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Virtual work and leadership: the role of the Internet, complexity, creativity, and knowledge workers

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Please use this identifier to cite or link to this item: http://hdl.handle.net/1928/168

Virtual work and leadership: the role of the Internet, complexity, creativity, and knowledge workers

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dc.contributor.author van Reenen, Johann en_US
dc.date.accessioned 2006-03-11T04:01:49Z
dc.date.available 2006-03-11T04:01:49Z
dc.date.issued 2002
dc.identifier.citation van Reenen, Johann. "Virtual work and leadership: the role of the Internet, complexity, creativity, and knowledge workers." Invited chapter in: Ricardo Baeza-Yates, ed. THE ROLE OF HUMANITY IN THE INFORMATION AGE: An Ibero-American Perspective, Universidad de Chile, Santiago, Chile. [Online at: http://www.dcc.uchile.cl/~rbaeza/libro/ Chapter completed and accepted by Editor, 1/30/2002.] en_US
dc.identifier.uri http://hdl.handle.net/1928/168
dc.description Invited chapter in: Ricardo Baeza-Yates, ed. THE ROLE OF HUMANITY IN THE INFORMATION AGE: An Ibero-American Perspective, Universidad de Chile, Santiago, Chile. [Online at: http://www.dcc.uchile.cl/~rbaeza/libro/ Chapter completed and accepted by Editor, 1/30/2002.] en_US
dc.description.abstract This chapter presents the case for strong leadership to develop an internationally distributed virtual workforce. It is a speculative approach to how work and workers may behave in a future where most of their work and interactions will be virtual and disconnected from their physical location. The lessons that can be learned from the natural world are explored especially from complexity theories. Examples are provided of natural systems in action and the insights others have drawn from these theories and how this may inform decision-making, risk-taking and the management of virtual workers. The impact of the Internet on knowledge creation and discovery is explored. These theories and trends have important implications for leaders and managers and for stimulating creativity and innovation. One can speculate that in future digital workers will live in two realities; the @-Home-culture and the @-Large-culture. Knowledge workers of the future will be able to create a healthy balance between these two realities by working digitally in a global system and benefiting financially, but also living and participating fully in their local or national culture. Ultimately this may lead to more tolerance and opportunities to distribute work and wealth in ways that equalize rather than divide people. en_US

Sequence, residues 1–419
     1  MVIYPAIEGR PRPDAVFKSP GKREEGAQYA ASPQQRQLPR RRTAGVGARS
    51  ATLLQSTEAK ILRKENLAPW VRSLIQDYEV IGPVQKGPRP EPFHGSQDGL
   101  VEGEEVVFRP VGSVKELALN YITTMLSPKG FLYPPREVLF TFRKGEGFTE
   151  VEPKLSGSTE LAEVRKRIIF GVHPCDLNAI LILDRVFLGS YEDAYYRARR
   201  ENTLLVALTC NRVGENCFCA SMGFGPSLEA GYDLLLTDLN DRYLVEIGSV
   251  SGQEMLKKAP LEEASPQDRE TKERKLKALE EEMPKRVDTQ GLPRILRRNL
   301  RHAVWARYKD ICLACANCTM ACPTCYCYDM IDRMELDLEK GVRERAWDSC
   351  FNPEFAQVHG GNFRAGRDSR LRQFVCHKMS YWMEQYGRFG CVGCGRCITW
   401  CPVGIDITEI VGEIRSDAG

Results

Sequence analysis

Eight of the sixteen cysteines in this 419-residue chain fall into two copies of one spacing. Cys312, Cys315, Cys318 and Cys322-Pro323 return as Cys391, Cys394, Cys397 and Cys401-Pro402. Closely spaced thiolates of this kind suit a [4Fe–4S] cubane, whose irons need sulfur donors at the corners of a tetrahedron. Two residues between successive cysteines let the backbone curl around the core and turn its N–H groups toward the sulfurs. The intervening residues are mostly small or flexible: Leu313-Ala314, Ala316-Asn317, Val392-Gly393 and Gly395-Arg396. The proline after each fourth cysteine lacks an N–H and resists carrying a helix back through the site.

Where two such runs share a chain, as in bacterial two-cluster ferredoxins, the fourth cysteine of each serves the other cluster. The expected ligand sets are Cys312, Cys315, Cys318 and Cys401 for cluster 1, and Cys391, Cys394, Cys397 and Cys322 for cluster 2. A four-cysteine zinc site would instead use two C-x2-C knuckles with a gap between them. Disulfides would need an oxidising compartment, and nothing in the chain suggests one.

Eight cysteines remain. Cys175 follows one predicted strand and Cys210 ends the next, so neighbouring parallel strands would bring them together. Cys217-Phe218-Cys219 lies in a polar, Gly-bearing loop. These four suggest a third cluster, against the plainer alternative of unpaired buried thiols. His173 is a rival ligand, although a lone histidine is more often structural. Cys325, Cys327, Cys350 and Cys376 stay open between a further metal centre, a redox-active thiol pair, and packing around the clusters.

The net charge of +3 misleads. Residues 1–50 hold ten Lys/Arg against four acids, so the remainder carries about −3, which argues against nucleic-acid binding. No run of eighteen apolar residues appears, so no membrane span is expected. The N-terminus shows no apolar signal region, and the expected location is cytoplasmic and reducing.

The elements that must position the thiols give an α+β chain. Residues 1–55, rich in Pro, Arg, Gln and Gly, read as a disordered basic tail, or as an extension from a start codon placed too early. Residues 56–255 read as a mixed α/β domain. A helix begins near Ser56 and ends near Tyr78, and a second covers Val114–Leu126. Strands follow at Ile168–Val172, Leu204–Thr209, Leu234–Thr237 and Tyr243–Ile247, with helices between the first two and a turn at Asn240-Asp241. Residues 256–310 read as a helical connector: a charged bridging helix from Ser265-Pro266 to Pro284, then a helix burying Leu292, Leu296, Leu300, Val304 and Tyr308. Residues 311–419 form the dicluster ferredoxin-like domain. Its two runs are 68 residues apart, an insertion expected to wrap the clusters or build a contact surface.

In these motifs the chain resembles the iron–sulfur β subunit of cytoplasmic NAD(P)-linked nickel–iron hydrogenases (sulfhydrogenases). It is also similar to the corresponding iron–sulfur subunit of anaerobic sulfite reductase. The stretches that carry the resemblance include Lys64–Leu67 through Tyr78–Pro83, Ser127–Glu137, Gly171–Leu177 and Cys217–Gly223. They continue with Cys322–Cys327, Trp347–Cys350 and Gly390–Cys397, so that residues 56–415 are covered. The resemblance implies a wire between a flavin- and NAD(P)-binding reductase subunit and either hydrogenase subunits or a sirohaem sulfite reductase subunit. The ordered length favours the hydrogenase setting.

dc.format.extent 285436 bytes
dc.format.extent 1749 bytes
dc.format.extent 81492 bytes
dc.format.mimetype application/pdf
dc.format.mimetype text/plain
dc.format.mimetype text/plain
dc.language.iso en_US en_US
dc.subject Virtual work en_US
dc.subject International cooperation en_US
dc.subject Complex adaptive systems en_US
dc.subject Complexity en_US
dc.subject Natural systems en_US
dc.subject Internet en_US
dc.subject Knowledge management en_US
dc.subject Creativity en_US
dc.subject Work en_US
dc.subject Culture en_US
dc.subject Information age en_US
dc.subject Global economy en_US
dc.title Virtual work and leadership: the role of the Internet, complexity, creativity, and knowledge workers en_US
dc.type Book chapter en_US


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